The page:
System.out.printf("h = %s%n", Hex.toHexString(h));

// code used to generate the random k
SecureRandom krng = new SecureRandom();
BigInteger k;
do {
k = new BigInteger(256, krng);
} while (k.compareTo(params.getN()) >= 1);
System.out.printf("K = %s%n", k.toString(16));
}


To make sure that the value of $$k$$ is used directly within the algorithm I did some tests. A $$k$$ consisting of all FF bytes and a shorter $$k$$ both failed as expected . A $$k$$ consisting of 7F byte followed by all FF bytes does work. So the value $$k$$ within the FixedSecureRandom constructor is indeed directly used.

And finally the method of testing the deterministic result:

private static void testECDSASecP256k1sha256()
{
X9ECParameters p = SECNamedCurves.getByName("secp256k1");
ECDomainParameters params = new ECDomainParameters(p.getCurve(), p.getG(), p.getN(), p.getH());
ECPrivateKeyParameters priKey = new ECPrivateKeyParameters(
params);
SecureRandom    k = new FixedSecureRandom(Hex.decode("49a0d7b786ec9cde0d0721d72804befd06571c974b191efb42ecf322ba9ddd9a"));

byte[] h = Hex.decode("4b688df40bcedbe641ddb16ff0a1842d9c67ea1c3bf63f3e0471baa664531d1a");

ECDSASigner dsa = new ECDSASigner();

dsa.init(true, new ParametersWithRandom(priKey, k));

BigInteger[] sig = dsa.generateSignature(h);

BigInteger r = new BigInteger("241097efbf8b63bf145c8961dbdf10c310efbb3b2676bbc0f8b08505c9e2f795", 16);
BigInteger s = new BigInteger("21006b7838609339e8b415a7f9acb1b661828131aef1ecbc7955dfb01f3ca0e", 16);

if (!r.equals(sig[0]))
{
fail("r component wrong." + Strings.lineSeparator()
+ " expecting: " + r + Strings.lineSeparator()
+ " got      : " + sig[0]);
}

if (!s.equals(sig[1]))
{
fail("s component wrong." + Strings.lineSeparator()
+ " expecting: " + s + Strings.lineSeparator()
+ " got      : " + sig[1]);
}

// Verify the signature
ECPublicKeyParameters pubKey = new ECPublicKeyParameters(
params.getCurve().decodePoint(Hex.decode("04779dd197a5df977ed2cf6cb31d82d43328b790dc6b3b7d4437a427bd5847dfcde94b724a555b6d017bb7607c3e3281daf5b1699d6ef4124975c9237b917d426f")), // Q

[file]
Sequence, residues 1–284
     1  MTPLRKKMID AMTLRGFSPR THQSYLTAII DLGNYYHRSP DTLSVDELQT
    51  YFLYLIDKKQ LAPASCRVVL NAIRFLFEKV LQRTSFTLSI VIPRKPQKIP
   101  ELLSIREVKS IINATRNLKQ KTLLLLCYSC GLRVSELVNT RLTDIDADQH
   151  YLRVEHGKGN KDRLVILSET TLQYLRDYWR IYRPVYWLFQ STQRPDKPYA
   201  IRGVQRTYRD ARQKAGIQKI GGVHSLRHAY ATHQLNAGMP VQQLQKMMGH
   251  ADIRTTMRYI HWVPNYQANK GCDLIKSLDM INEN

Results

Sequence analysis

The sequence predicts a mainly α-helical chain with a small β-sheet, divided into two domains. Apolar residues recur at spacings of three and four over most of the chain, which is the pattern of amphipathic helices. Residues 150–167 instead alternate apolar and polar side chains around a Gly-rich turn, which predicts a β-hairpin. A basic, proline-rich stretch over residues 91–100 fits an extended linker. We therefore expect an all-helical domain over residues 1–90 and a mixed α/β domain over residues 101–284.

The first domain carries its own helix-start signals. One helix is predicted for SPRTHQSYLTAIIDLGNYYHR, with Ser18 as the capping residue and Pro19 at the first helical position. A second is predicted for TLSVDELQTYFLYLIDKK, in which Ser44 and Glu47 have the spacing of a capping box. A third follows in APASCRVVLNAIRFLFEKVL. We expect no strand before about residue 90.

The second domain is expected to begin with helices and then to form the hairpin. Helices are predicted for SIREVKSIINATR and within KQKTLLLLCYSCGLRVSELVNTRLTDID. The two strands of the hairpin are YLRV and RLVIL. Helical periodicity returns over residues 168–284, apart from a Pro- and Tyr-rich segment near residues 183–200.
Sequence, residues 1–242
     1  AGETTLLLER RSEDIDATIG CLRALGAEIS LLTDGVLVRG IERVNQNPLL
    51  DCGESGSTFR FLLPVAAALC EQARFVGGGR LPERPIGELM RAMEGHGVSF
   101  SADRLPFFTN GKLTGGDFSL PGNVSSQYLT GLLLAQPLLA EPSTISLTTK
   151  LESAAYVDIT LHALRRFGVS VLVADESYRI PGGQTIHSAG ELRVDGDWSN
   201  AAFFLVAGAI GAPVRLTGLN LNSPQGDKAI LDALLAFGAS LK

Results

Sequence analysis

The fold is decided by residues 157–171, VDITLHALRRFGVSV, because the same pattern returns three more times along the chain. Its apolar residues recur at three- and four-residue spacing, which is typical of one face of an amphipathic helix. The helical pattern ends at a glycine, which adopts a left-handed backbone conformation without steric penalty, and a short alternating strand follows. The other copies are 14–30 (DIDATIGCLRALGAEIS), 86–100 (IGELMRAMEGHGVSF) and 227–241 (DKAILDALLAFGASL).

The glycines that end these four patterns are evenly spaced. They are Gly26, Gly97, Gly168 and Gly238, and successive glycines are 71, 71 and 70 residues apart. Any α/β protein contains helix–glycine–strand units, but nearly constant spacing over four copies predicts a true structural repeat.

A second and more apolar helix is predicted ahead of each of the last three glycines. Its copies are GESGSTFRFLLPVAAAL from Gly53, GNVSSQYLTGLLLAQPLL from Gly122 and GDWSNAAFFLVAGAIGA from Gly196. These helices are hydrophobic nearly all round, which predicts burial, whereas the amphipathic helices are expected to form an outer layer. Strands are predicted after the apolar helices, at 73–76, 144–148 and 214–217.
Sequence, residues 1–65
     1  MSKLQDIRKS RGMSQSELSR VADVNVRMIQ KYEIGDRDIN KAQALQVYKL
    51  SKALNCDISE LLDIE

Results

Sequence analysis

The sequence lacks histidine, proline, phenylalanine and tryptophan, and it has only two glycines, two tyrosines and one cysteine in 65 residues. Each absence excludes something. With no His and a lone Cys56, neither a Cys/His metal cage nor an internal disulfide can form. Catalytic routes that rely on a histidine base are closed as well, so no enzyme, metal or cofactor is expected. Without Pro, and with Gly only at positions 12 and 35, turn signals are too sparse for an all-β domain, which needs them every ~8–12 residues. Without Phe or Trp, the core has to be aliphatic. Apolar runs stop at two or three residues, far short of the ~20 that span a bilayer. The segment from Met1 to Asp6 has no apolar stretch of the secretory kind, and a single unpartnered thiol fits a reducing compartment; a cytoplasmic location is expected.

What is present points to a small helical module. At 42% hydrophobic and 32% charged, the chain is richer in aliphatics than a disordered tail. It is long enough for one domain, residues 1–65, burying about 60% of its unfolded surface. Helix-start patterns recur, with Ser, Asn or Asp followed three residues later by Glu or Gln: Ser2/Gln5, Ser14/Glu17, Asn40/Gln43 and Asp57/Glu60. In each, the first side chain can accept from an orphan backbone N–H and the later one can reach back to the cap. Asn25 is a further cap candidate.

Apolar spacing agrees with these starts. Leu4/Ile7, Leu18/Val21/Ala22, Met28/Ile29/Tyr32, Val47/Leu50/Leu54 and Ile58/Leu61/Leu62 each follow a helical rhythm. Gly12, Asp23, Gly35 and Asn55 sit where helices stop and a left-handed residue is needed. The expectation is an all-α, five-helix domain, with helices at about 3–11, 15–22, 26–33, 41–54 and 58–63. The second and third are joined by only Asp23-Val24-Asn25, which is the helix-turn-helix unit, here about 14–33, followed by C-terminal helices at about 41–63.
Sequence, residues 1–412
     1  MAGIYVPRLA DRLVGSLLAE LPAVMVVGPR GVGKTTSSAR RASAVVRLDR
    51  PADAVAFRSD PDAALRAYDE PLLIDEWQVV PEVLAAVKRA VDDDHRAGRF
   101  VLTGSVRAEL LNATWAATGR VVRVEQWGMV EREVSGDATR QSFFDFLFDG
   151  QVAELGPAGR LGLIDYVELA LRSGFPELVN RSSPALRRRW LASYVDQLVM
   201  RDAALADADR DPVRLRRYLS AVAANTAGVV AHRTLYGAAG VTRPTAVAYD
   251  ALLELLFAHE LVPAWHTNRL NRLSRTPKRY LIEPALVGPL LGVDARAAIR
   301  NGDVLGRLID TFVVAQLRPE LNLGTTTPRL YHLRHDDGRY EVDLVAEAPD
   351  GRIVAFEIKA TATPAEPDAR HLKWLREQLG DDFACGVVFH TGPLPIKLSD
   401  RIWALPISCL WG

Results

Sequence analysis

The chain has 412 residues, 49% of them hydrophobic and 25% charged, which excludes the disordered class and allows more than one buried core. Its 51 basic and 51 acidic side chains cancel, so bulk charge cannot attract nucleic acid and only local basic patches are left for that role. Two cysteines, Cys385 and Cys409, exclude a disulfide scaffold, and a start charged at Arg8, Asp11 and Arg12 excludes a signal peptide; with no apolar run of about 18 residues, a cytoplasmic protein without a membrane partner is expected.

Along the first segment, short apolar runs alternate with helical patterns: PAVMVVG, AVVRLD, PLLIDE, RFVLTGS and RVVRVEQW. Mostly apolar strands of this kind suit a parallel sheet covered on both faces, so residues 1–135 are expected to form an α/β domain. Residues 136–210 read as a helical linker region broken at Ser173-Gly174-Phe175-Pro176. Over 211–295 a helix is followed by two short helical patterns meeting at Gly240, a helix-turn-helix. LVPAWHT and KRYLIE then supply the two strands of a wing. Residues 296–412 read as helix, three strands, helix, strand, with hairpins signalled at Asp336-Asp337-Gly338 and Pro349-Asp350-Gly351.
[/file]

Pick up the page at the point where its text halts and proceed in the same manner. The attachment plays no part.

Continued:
params);

dsa.init(false, pubKey);
if (!dsa.verifySignature(h, sig[0], sig[1]))
{
fail("signature fails");
}
}


which is a direct copy of the test for SecP224k1 and SHA256, but of course with the different parameters.

• This really helped me out. For anyone out there who meets this in the future coming from the .NET world, there is a subtle difference in the BouncyCastle library that causes an odd result. The r value above appears to be correct while the s value comes out different. The headache was that the BouncyCastle BigInteger .NET ctor has an extra parameter that you have to set to explicitly force it to a positive number (eg for the key). Also you have to check for endianness when converting byte arrays and reverse. The above then works. Jan 6, 2018 at 15:05

The secp256k1 ECDSA vectors provided in bouncycastle are correct, exception made for the s field in the signature. My verification results in:

M = octet[32] 4b688df40bcedbe641ddb16ff0a1842d9c67ea1c3bf63f3e0471baa664531d1a,
k = octet[32] 49a0d7b786ec9cde0d0721d72804befd06571c974b191efb42ecf322ba9ddd9a,
r = octet[32] 241097efbf8b63bf145c8961dbdf10c310efbb3b2676bbc0f8b08505c9e2f795,
s = octet[32] 139c98ddeba50a63bbc95014a47ba1779db5ac846a85eee69bbd95b58bc96044,
x = octet[32] 779dd197a5df977ed2cf6cb31d82d43328b790dc6b3b7d4437a427bd5847dfcd,
y = octet[32] e94b724a555b6d017bb7607c3e3281daf5b1699d6ef4124975c9237b917d426f
P = octet[65] 04779dd197a5df977ed2cf6cb31d82d43328b790dc6b3b7d4437a427bd5847dfcde94b724a555b6d017bb7607c3e3281daf5b1699d6ef4124975c9237b917d426f


Pseudocode (computable in Zenroom)

kp = ECDH.new('secp256k1')
kp:private(d)
x, y = kp:public_xy()
S = kp:sign(M,k)
I.print({ d = d,
k = k,
M = M,
x = x,
y = y,
P = kp:public(),
r = S.r,
s = S.s })



For clarity, here a legend:

M = message to be signed
d = private key
k = random k factor for sign
x = public key x coordinate
y = private key x coordinate
P = public key, IEEE P1363 notation
r = signature component r
s = signature component s

• OK, so as this answer does seem on topic, I'll try and make it better by asking what the "specific settings" are that make $s$ differ compared to my answer. Sep 22, 2019 at 10:10
• I am not able to reproduce your setup, so I really don't know. I agree is very interesting to find out and I may stand corrected.
– user73105
Sep 22, 2019 at 10:16